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Booker Prize 2020 winner Shuggie Bain is a brutal and tender classic

Scottish author Douglas Stuart’s novel stood out for offering something so deeply seen and so overflowing with emotion, writes Martin Chilton

Friday 20 November 2020 14:09 GMT
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Scottish writer Douglas Stuart won the Booker Prize for fiction  for ‘Shuggie Bain’, his novel about a boy’s turbulent coming of age in hardscrabble 1980s Glasgow
Scottish writer Douglas Stuart won the Booker Prize for fiction  for ‘Shuggie Bain’, his novel about a boy’s turbulent coming of age in hardscrabble 1980s Glasgow (AP)

There is a heartbreaking moment in Douglas Stuart’s Shuggie Bain, the thoroughly deserved winner of the 2020 Booker Prize, when disreputable drunk Agnes Bain shares a bath with her five-year-old son Hugh (Shuggie), and he scrapes old nail polish from her toes, “his care and attention feeling like a penny dropped in an empty meter”. It’s a telling simile. Agnes is often forced to survive by breaking into the electricity meter for 50 pence coins.

Glasgow-born Stuart, the son of an alcoholic single mother who died alone at home when the author was 16, has transformed elements of his own past into a poignant, moving novel about an inverted parent/child relationship and the quicksand of a poverty-stricken existence in a city ravaged by Margaret Thatcher’s cuts in the 1980s.

Stuart’s five shortlist rivals for the prize – Diane Cook (The New Wilderness), Avni Doshi (Burnt Sugar), Tsitsi Dangarembga (This Mournable Body), Maaza Mengiste (The Shadow King) and Brandon Taylor (Real Life) – also wrote skilfully about individuals battling to sustain humanity under terrible circumstances, but Shuggie Bain stood out by offering something so personal, so deeply seen and so overflowing with emotion.

In Agnes, a woman whose “mind was a jumping slide projector” as she gulps down Special Brew and vodka, Stuart has drawn a strangely charismatic mother, incorrigible, chaotic and self-destructive. You fear from the start that she will be early to decay, like the ravaged city in which she is trying to bring up Shuggie, his brother Leek and sister Catherine.

Stuart sometimes ladles on the despair – the novel has echoes of the agony of poverty depicted in the 1982 television series Boys from the Blackstuff – but even the most pitiful scenes are nuanced. The subtle texture of Stuart’s prose is remarkable for a debut novel and he keeps the novel from becoming mawkish. Perhaps it’s no surprise it took the 44-year-old fashion designer a decade to write this sharp-eyed account of human fallibility.

Living in Pithead, “a forgotten corner of misery”, is torture for sensitive child Shuggie, who is baited constantly by the sort of kids who hurl cats into abandoned pit quarries. Shuggie, growing up gay in a homophobic landscape, is the victim of bullying and sexual violence, dismissed as “not quite right”. He is left to his own lonely struggle, having to learn the hard lesson that some things – and some people – can’t be fixed. Agnes, sinking under the gleeful gaze of her hard-faced neighbours, drinks ever more wildly to keep the pain and loneliness at bay.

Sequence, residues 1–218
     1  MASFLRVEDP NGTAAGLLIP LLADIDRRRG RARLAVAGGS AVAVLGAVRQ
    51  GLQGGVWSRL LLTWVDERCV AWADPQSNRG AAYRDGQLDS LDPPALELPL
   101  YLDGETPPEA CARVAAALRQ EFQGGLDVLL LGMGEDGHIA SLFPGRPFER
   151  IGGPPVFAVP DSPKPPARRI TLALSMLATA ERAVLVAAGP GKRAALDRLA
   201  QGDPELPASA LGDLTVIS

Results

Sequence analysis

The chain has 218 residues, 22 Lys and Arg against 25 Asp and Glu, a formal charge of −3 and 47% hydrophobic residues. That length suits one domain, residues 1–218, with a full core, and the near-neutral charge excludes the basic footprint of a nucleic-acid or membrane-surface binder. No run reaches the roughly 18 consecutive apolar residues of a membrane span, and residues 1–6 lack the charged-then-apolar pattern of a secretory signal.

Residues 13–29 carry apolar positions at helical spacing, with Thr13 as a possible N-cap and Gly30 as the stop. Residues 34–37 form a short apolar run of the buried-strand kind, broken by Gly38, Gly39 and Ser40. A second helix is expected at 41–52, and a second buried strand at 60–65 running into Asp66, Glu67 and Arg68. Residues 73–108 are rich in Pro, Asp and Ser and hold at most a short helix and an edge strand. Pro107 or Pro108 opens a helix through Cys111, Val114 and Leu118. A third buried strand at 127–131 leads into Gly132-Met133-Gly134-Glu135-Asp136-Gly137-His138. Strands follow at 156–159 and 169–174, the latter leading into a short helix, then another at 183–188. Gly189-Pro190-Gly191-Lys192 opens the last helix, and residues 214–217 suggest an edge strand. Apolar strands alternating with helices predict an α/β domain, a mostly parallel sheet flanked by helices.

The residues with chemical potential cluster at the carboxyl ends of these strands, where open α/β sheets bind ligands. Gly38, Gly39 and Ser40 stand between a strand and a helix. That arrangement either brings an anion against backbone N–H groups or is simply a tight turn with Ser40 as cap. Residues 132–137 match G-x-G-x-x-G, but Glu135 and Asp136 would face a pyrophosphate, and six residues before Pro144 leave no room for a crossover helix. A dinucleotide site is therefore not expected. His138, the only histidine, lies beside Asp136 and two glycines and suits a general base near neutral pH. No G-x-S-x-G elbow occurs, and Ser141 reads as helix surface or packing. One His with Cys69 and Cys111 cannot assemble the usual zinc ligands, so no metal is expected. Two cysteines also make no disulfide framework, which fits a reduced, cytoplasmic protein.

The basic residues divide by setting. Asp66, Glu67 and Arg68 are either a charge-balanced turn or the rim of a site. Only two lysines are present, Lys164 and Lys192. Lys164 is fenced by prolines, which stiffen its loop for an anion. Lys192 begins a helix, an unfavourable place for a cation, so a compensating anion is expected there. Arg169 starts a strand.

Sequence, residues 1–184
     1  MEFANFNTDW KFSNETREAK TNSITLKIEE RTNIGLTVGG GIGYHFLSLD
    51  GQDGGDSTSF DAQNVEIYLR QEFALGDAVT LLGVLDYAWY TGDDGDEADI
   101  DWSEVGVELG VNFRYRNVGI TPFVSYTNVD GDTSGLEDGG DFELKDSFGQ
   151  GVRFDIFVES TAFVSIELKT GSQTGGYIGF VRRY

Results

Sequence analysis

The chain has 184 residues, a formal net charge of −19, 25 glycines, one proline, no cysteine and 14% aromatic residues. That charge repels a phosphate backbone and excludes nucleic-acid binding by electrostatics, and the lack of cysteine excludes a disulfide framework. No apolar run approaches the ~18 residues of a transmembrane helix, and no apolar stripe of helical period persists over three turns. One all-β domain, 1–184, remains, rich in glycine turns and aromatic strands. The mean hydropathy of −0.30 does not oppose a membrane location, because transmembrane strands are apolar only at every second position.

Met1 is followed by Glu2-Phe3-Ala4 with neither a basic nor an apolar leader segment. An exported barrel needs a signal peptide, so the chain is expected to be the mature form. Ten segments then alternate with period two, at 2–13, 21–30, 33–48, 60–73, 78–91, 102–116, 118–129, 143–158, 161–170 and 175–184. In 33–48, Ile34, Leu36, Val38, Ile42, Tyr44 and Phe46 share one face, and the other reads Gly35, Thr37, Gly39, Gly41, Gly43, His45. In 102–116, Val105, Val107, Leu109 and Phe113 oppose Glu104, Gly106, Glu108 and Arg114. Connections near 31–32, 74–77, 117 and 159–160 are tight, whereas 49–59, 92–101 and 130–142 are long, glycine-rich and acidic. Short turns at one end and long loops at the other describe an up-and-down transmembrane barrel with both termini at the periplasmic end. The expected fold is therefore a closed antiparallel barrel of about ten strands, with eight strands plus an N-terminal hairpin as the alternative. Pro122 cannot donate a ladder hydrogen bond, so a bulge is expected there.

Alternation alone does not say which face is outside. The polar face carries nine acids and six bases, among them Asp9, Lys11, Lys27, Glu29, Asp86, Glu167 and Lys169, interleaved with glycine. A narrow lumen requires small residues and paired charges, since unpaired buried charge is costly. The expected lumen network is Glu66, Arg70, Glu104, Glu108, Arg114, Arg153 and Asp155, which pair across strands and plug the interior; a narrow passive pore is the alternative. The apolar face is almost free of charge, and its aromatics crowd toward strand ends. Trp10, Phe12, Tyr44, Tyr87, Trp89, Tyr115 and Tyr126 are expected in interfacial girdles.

Although the adult men are to some extent victims (“rotting into the settee for want of decent work”) they are an aggressive, feckless bunch – and none more so than Shuggie’s father, Shug, who ditches his family. Stuart picks apart Shug with precision, highlighting his insecurities – this serial philander is constantly worried by his thin, ratty-looking bald comb-over – and his cruelty. One of the many impressive things in the novel are the small, penetrating details about toxic behaviour.

This year’s shortlisted authors, (top L-R) Douglas Stuart, Diane Cook, Avni Doshi, (bottom L-R) Brandon Taylor, Maaza Mengiste and Tsitsi Dangarembga speak virtually at at London’s Roundhouse (PA)

Although Stuart was the only UK-born shortlisted author, all the finalists offered a welcome reminder that there must be room in a genuinely diverse publishing industry for novels from all backgrounds and social classes. The varied settings of the shortlist books, which included a blighted futuristic wilderness and Ethiopia in the 1930s, were interesting, yet none felt as authentic as Stuart’s Glasgow, which is like an eccentric character all of its own: from feral Pitdown to the oddball Grand Ole Opry nightclub, where country music nights are combined with gun-slinging contests.

Last year’s award was beset by controversy, following the decision to split the prize between Margaret Atwood and Bernardine Evaristo, but Stuart was a unanimous choice of the Booker panel, with chair of judges Margaret Busby hailing the book as “a classic”.

Although Shuggie Bain is a gloomy, brutal read, there is an underlying compassion and humour that make it an enriching one; and it is also, at heart, a tender love story about a son and his troubled mother. Stuart now walks away with a hefty £50,000 prize pot, which may be the only time a working-class Glaswegian has benefitted from anything to do with Margaret Thatcher.

Shuggie Bain by Douglas Stuart is published by Picador, £14.99

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